Today’s post mentions indicators your divorcing spouse could have hidden marital property. It also asks: will the Court exclude evidence showing your spouse hid marital property, if your private investigator illegally obtained this evidence?
A) Indicators Your Spouse May Be Hiding Marital Property
As soon as your high-net-worth spouse filed for divorce in New York, your spouse claims his / her businesses had fallen on hard times. Therefore, your spouse took large loans from offshore lenders. Then, your spouse failed to repay these loans and was in default. Consequently, your spouse alleges in your divorce a net worth of “0”. Meanwhile, these events only first happened when your spouse filed for divorce. As American sports legend Yogi Berra said: “That’s too coincidental to be coincidental”.
Furthermore, when your spouse filed for divorce, your spouse left New York with your spouse’s paramour, (“the paramour”). These two were now living in a $3 million home in California the paramour had supposedly purchased. However, you suspect the paramour was your spouse’s intermediary and that your spouse had actually purchased the California home. Stated differently, you believe your spouse used the paramour as the nominee purchaser of the California home. Like your spouse’s “0” net worth claim, your spouse’s suspected use of a nominee purchaser is an indicator your spouse could be hiding marital property / community property.
B) The Investigation Of Your Spouse
Since there are indicators your spouse is hiding marital property, you hire a private investigator licensed in New York. Your investigator will track your spouse’s assets and seek evidence showing your spouse owned the $3 million home rather than the paramour. Three months after you hired the private investigator, your investigator says the following:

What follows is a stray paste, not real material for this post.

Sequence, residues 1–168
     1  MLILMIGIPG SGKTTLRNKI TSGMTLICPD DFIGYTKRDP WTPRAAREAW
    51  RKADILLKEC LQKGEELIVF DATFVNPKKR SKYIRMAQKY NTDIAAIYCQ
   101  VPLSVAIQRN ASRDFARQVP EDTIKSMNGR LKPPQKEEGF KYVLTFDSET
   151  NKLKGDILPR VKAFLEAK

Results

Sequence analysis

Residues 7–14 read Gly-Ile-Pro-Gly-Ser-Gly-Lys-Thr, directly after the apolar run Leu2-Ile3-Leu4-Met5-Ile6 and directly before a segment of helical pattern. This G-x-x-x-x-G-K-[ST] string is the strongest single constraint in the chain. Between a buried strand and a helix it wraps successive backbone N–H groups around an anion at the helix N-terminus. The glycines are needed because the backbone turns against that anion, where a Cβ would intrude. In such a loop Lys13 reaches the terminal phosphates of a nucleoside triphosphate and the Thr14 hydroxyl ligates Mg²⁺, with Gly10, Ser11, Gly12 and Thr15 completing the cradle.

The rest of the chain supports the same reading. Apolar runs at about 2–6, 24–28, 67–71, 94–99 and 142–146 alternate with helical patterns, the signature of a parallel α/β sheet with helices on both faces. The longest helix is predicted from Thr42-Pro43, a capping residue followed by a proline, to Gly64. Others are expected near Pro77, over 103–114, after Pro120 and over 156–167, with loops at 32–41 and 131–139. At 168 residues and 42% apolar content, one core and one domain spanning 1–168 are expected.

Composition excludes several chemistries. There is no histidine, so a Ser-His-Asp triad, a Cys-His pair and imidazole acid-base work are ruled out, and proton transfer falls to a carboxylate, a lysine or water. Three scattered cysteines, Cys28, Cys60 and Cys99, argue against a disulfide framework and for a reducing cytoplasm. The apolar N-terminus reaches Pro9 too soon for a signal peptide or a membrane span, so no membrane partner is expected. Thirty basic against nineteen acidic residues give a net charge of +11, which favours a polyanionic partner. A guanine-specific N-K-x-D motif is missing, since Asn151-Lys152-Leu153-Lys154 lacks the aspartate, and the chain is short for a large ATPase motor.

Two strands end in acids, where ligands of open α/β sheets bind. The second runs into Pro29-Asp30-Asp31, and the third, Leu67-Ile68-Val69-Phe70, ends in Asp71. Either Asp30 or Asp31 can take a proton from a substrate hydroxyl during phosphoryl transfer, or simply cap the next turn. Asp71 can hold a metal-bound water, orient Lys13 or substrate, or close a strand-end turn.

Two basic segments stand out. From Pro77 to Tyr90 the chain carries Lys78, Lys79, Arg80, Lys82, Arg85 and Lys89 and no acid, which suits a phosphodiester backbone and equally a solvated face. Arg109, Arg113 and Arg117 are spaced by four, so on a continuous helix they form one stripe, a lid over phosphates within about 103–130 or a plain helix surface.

- Your spouse has a secret bank account in New York maintained in the name of a shell company;
- Your spouse sent a real estate lawyer in California, a $3 million check drawn from the secret bank account in New York;
- The real estate lawyer used the $3 million from your spouse, to purchase the California home and title it in the name of the paramour.
The private investigator also supplies you with a copy of your spouse’s $3 million check payable to the real estate lawyer. Your investigator supposedly collected the copy from the bank in New York which is the custodian of your spouse’s secret bank account.
C) Is Illegally Obtained Evidence Admissible In Court?
You want to use this check in Court to show your spouse had hidden at least $3 million which was marital property. Additionally, you want to use the check to show your spouse ultimately used the $3 million to purchase the home in California. Meanwhile, federal law requires banks to keep bank customer information like the check private. Unless there was a subpoena, court order or your spouse’s consent, the bank in New York could not legally release a copy of the $3 million check to your private investigator. If your private investigator illegally obtained the $3 million check, would the Court deem the check to be admissible evidence or would the Court exclude the check?
Courts in different jurisdictions have different views on this subject. In Sackler v. Sackler, 15 N.Y.2d 40 (N.Y. 1964) the Court in New York permitted a spouse who collected evidence illegally with private investigators, to use this evidence during a divorce. However, in Markham v. Markham, 265 So.2d 59 (Fla. 1st DCA 1972), affirmed, 272 So.2d 813 (Fla. 1973), the Court in Florida suppressed wiretap evidence in a divorce because a spouse illegally gathered this evidence. Even if the Court does allow you to use illegally obtained evidence, there still might be severe consequences. If you and / or your private investigator committed crimes in order to collect evidence, the two of you could conceivably face criminal prosecution. Depending on the circumstances, you could also be civilly liable for your actions.
Copyright 2022 Fred L. Abrams